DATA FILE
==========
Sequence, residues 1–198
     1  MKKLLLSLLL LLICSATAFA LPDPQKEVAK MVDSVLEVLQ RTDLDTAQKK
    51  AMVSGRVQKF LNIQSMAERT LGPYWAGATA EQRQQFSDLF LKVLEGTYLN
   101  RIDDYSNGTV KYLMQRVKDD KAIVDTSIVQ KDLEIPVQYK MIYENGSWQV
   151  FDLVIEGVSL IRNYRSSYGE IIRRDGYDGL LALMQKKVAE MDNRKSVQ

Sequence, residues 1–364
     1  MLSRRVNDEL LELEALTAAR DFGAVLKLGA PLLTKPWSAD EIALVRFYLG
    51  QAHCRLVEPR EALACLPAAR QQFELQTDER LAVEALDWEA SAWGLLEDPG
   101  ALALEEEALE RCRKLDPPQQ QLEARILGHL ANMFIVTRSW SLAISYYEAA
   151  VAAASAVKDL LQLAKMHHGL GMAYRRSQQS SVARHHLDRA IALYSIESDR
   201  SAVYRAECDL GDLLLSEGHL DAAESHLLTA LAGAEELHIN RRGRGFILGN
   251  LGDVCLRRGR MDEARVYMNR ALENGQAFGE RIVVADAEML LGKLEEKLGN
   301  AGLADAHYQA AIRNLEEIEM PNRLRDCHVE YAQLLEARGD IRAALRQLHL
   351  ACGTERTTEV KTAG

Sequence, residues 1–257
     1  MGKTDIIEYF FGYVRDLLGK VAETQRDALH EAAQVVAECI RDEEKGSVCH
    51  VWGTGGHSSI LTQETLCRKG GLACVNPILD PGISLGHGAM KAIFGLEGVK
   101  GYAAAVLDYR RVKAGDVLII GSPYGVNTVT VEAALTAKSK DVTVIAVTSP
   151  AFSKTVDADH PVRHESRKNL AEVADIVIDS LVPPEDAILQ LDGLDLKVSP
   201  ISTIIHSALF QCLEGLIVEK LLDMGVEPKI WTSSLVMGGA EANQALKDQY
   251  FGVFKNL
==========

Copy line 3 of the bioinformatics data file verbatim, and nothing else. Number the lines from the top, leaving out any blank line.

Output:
    51  AMVSGRVQKF LNIQSMAERT LGPYWAGATA EQRQQFSDLF LKVLEGTYLN